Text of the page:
9 Black arrows: current manual paper/postal system for health data collection and reporting Red lines: RTBP mobile phone communication system for heath data collection and reporting Sri Lanka Epidemiology and RTBP overlay Reduce 15 - 30 day delays to Minutes

10 Main Outcomes - Quantitative SN o ComponentsLaunch Date Status – INDIALaunch DateStatus – SRI LANKA 1patient health data through mHealthSurvey May 200987,700 recordsJan 20092,49,000 2T-Cube Web Interface (TCWI) Dec 2009Synthetic Injection - 3Dec 2009Replication Study with Data (2007- June 2009) 3Sahana Messaging and Alerting Dec 2009Exercise Conducted for 23 Health Workers Dec 2009Exercise Conducted for 19 Volunteers

11 Main Outcome - Qualitative 1. Digitization of patient health data through mHealthSurvey using mobile phone Mobile as a data collection device – usability and user preferences Quality of incoming data - error 2. Detection of unusual events using T-Cube Web Interface (TCWI) Web interface for real-time tracking of unusual events? Statistical Tools – Expertise Usability – “no usage” 3. SAHANA Messaging and Alerting Situational Awareness Alerting module for dissemination Authenticity Other delivery methods

12 Sl. No. TitlePeriod 1.Health workers meet in ThiruppathurNovember 24, 2008 2.Technology training workshop for Village health nurses/sector health nurses, Sivaganga district, Tamil Nadu, India May 4 & 5, 2009 3.Health event notification workshop for DDHS and PHC officials June 19 & 20, 2009 4.Certification exercise and demonstration of T- Cube Web Interface (TCWI) and Messaging/Alerting workshop September 29 to October 1, 2009 5.Evaluation planning workshop for deputy director of health services, Sivaganga district, Tamil Nadu, India December 18, 2009 6.Sahana Common Alerting Protocol (CAP) Messaging/Alerting exercise April 5 th to 9 th, 2010 Training workshops conducted so far – to update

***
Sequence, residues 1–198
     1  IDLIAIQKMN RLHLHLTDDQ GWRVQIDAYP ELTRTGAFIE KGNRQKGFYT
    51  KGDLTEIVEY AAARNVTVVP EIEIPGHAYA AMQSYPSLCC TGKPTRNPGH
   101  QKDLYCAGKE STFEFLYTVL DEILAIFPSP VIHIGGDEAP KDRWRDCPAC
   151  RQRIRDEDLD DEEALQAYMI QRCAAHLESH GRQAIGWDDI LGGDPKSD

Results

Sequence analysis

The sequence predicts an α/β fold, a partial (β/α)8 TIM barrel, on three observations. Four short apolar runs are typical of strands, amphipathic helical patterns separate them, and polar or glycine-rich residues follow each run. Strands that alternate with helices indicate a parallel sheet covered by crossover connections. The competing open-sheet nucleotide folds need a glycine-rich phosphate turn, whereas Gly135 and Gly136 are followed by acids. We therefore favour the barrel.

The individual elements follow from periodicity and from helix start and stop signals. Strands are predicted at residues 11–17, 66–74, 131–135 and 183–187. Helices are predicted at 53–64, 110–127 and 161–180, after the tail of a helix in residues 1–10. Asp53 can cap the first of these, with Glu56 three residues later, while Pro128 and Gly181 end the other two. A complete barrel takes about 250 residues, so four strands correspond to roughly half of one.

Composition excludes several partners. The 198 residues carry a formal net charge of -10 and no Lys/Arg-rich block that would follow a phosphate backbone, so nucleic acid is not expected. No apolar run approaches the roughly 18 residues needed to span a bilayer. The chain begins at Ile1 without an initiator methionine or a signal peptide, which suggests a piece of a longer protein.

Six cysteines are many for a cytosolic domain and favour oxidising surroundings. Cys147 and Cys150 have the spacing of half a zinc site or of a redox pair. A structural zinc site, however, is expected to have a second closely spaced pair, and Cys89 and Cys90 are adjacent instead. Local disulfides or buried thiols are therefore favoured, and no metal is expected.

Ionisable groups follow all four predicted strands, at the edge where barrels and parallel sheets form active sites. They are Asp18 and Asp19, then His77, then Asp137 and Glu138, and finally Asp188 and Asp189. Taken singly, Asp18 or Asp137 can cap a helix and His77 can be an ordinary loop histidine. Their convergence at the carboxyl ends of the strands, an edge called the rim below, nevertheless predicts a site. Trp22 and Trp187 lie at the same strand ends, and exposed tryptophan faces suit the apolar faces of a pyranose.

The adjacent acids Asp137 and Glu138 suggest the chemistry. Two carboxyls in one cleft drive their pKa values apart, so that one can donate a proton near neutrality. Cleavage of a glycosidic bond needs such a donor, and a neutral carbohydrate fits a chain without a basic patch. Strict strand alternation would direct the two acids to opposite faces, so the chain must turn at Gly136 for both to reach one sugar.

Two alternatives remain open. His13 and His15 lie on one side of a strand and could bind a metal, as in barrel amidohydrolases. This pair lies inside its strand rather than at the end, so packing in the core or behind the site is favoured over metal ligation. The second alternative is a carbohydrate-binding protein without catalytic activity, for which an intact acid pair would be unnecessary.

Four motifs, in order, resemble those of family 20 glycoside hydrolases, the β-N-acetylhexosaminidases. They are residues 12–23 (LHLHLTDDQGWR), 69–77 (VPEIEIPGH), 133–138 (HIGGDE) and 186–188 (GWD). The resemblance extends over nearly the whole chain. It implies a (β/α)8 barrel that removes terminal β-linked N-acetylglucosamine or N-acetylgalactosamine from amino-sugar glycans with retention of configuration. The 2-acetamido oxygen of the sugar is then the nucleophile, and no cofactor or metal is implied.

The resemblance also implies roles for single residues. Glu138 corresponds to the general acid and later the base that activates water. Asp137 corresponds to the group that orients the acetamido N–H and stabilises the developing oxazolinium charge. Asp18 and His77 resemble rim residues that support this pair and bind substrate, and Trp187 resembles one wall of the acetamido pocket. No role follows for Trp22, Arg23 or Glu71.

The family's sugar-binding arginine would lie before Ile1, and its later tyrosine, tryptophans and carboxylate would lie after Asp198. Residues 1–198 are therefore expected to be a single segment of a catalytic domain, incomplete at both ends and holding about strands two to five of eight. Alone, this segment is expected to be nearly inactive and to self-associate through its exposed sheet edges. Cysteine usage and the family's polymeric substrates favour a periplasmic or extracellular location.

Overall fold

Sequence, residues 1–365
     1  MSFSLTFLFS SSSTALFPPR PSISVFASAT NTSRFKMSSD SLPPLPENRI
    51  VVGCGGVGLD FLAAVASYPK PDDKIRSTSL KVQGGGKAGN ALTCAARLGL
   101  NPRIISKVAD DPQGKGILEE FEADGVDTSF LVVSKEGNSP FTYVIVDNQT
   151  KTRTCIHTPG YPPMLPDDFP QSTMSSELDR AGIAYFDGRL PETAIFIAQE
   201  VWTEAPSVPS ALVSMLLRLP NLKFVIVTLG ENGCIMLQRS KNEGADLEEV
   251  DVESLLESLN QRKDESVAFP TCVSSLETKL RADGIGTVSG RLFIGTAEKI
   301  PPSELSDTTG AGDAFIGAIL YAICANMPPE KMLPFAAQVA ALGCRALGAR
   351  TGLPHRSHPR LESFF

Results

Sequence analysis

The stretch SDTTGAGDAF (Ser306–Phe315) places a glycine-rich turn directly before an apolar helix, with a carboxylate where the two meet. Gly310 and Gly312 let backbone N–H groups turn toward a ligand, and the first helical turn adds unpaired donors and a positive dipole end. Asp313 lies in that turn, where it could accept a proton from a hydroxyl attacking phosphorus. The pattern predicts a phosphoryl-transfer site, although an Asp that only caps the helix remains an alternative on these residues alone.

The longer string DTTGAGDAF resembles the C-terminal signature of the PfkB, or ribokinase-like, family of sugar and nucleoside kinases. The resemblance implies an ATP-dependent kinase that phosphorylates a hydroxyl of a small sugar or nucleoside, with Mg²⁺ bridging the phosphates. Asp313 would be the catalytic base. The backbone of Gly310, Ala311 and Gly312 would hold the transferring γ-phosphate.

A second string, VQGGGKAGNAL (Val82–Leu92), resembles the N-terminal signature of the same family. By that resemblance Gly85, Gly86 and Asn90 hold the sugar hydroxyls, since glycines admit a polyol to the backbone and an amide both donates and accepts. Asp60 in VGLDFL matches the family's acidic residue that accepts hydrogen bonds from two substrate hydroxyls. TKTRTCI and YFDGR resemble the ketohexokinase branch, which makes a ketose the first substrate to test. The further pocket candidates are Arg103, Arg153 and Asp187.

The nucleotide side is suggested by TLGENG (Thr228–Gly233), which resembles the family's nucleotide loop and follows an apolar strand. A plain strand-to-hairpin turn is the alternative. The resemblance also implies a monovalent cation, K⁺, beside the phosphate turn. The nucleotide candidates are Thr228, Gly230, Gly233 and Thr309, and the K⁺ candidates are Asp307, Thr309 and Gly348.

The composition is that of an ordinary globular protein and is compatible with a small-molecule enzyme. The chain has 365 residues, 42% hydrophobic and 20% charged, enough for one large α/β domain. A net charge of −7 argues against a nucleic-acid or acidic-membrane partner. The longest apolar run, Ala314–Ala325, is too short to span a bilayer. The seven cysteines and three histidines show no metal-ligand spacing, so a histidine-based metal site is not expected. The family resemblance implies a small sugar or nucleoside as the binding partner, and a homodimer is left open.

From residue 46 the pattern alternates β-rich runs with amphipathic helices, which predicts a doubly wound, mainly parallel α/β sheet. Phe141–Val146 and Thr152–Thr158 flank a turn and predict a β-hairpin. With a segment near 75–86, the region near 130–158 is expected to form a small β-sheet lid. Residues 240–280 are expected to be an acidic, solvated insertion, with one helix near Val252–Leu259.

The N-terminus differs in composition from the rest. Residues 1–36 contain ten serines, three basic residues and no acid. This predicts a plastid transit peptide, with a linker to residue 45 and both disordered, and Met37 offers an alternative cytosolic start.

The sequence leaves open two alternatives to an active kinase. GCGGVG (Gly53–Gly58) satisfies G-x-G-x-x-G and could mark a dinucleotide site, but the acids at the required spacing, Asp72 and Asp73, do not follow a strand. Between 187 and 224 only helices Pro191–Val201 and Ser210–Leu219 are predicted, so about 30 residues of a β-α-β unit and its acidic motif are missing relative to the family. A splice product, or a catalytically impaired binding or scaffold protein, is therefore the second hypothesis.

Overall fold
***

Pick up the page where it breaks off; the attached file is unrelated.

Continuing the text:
13 List of paper presentations/participations in Conferences/Symposia 1. Nuwan Waidyanatha, Ganesan M, Pubudini Weerakoon, Gordon Gow, Maheshkumar Sabhnani and Artur Dubrawski, Real-Time Biosurveillance Pilot in India and Sri Lanka, Asia's Premier ICT Event - 2-4 December 2009, Bandaranaike Memorial International Conference Hall, Colombo, Sri Lanka, December 2 – 4, 2009. 2. M. Ganesan, Suma Prashant, N. Janakiraman and Nuwan Waidyanatha, Real-Time Bio-Surveillance Program: Field Experiences from Tamil Nadu, India, Seventh Conference of IASSH on Health, Poverty and Human Development, Banaras Hindu University, Uttarpradesh, India March 5 – 7, 2010. 3. Gordon A. Gow, Vincy. P and Nuwan Waidyanatha, Using Mobile Phones in a Real-time Biosurveillance Program: Lessons from the frontlines in Sri Lanka and India, 2010 IEEE International Symposium on Technology and Society (ISTAS ’10), Wollongong, New South Wales, Australia. 2010. 4. Nuwan Waidyanatha, T. Kannan, R. Sheebha, Vincy Pushpa Mary, Effectiveness of the m-HealthSurvey Midlet for Real-Time Biosurveillance, The 4th International Symposium on Medical Information and Communication Technology, Taipei, Taiwan, March 22 – 25, 2010. 5. M. Ganesan, Suma Prashant, Vincy Pushpa Mary and N. Janakiraman, Digitizing Patient Health Information using Mobile Phone in Rural Areas, 2nd Indian Youth Science Congress, SRM University, Chennai, India, June 26 – 28, 2010 6. S. Prashant and N. Waidyanatha (2010). User requirements towards a biosurveillance program, Kass-Hout, T. & Zhang, X. (Eds.). Biosurveillance: Methods and Case Studies. Boca Raton, FL: Taylor & Francis, Chapter 13, pp.240-263. 7. G. Gow and N. Waidyanatha (2010). Using Common Alerting Protocol To Support A Real-Time Biosurveillance Program In Sri Lanka And India, Kass-Hout, T. & Zhang, X. (Eds.). Biosurveillance: Methods and Case Studies. Boca Raton, FL: Taylor & Francis, Chapter 14, pp 268-288.

14 Thank you.